This is a prize awarded for the best dissertation submitted by a student taking either the single honours degree in History or Scottish History, or a combined honours with History or Scottish History. The prize will be £100, and was established by the Merchant Guildry of Stirling, whose origins go back to the medieval burgh. The award will be made only if the best dissertation in any given year achieves a minimum grade of 2A. The successful candidate will also be requested to give a talk to the Guildry on the subject of his or her dissertation.

The John Robert Hamilton Memorial Scholarship:

This substantial prize was donated to the University by Ruth E. Wright in memory of her partner John Hamilton who was a Masters student in History at Stirling.  The fund provides annually a £1,000 scholarship for a Masters’ student researching an aspect of Scottish History.



External Awards

There are also a number of external awards which recognise the achievements of both undergraduate and postgraduate students and these are all awarded on a competitive basis:

The British Commission for Maritime History Prize:

The British Commission awards a small number of £75 prizes each year for undergraduate dissertations in the broad field of maritime history. The Commission's aims are to encourage students to pursue maritime questions in their final year research, and to reward the best of that work. Subjects eligible for consideration reflect the Commission's view of maritime history as a wide-ranging discipline. It includes topics such as shipping, seafaring, ports, seapower, maritime labour, coastal communities, trade, exploration, shipbuilding, navigation and fishing, and embraces a wide range of political, economic, social, technological and cultural approaches. Nominations must be made by Heads of Department or equivalent, and the closing date for entries is 1 August in each year. Final year dissertations awarded first class marks are eligible for consideration. Project work will also be considered where extensive use is made of primary evidence, and where the portfolio includes an extended piece of writing.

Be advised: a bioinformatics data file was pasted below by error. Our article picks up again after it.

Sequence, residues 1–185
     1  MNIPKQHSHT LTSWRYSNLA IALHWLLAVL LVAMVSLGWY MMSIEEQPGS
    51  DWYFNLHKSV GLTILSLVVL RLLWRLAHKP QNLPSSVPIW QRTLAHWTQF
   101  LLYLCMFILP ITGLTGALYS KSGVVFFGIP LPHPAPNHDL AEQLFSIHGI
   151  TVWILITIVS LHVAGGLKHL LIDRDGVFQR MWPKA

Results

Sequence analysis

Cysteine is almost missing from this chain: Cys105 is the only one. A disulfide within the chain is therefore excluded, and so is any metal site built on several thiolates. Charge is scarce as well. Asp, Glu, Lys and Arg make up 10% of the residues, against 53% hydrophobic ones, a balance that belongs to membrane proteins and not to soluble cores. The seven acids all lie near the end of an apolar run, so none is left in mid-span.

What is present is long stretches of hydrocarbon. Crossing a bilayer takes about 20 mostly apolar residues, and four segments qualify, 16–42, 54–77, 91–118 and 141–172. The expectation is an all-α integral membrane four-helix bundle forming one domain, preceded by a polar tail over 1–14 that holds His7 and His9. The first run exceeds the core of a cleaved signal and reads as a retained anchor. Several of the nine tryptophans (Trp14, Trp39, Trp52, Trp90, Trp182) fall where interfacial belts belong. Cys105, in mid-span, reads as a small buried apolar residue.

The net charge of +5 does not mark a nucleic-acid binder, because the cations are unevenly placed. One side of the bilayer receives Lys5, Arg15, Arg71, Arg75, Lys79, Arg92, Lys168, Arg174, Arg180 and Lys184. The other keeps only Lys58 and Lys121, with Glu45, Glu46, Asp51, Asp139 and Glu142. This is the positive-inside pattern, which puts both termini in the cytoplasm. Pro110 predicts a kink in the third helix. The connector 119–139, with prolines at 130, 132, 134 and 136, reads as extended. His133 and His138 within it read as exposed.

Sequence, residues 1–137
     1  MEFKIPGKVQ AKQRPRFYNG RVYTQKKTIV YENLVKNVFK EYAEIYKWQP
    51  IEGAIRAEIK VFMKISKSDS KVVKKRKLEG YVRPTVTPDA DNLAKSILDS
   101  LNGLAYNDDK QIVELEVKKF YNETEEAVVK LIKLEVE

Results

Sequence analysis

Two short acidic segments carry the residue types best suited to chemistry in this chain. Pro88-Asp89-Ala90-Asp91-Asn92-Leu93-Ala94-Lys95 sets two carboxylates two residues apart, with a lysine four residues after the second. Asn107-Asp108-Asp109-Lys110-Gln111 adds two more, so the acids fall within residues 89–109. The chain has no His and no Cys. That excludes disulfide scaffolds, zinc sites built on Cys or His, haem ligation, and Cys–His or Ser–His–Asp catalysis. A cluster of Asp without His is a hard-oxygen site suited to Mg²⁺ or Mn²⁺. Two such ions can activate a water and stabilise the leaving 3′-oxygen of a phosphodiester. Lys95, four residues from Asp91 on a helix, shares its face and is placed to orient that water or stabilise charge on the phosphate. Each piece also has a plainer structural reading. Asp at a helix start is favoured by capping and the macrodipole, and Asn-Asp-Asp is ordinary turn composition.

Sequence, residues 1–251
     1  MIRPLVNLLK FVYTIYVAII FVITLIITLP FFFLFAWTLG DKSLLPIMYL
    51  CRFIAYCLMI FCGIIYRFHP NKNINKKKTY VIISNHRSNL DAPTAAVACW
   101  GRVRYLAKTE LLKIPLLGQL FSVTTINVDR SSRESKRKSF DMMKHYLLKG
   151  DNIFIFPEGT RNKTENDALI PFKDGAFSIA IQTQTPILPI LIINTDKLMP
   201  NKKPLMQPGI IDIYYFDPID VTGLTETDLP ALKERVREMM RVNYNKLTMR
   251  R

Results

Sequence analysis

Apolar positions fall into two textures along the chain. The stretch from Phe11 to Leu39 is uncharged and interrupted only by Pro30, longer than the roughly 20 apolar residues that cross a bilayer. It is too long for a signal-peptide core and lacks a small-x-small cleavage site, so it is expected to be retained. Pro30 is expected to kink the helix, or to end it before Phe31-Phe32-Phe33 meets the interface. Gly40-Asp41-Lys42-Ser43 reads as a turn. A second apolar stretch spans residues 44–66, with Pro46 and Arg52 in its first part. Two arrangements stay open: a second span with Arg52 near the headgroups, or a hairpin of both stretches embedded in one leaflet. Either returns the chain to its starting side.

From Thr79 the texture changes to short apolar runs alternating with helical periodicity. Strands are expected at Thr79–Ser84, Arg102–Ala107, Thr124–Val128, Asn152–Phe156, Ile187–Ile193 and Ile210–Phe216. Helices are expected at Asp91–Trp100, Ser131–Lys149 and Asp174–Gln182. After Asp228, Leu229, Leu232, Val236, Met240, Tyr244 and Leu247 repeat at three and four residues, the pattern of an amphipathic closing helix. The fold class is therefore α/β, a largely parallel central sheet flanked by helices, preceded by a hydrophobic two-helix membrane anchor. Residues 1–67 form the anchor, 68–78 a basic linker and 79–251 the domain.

The History Scotland / Royal Historical Society Prize:

This is a global competition and the prize of £250 is awarded to the best undergraduate dissertation in Scottish History. The winning candidate is also guaranteed to have their dissertation published in History Scotland.

The Women's History Scotland Prize:

Women’s History Scotland awards a bi-annual prize of £100 for a new essay in the field of Scottish women’s and / or gender history. The prize was established in 2000 to celebrate the work of Leah Leneman, one of the foremost historians of women in Scotland. A trail-blazer for women’s history in Scotland, she produced innovative studies on the women’s suffrage movement, on women in medicine, and on sexuality and divorce in the early modern and modern periods. Women’s History Scotland wishes to acknowledge the important work of Leah Leneman and to encourage new women’s & gender historians to publish their work and to continue researching and writing in the field of Scottish women’s and gender history. Forms of work that may be submitted include: undergraduate dissertation, postgraduate work (e.g. Masters dissertation or chapter of PhD), a piece of original research by an independent scholar.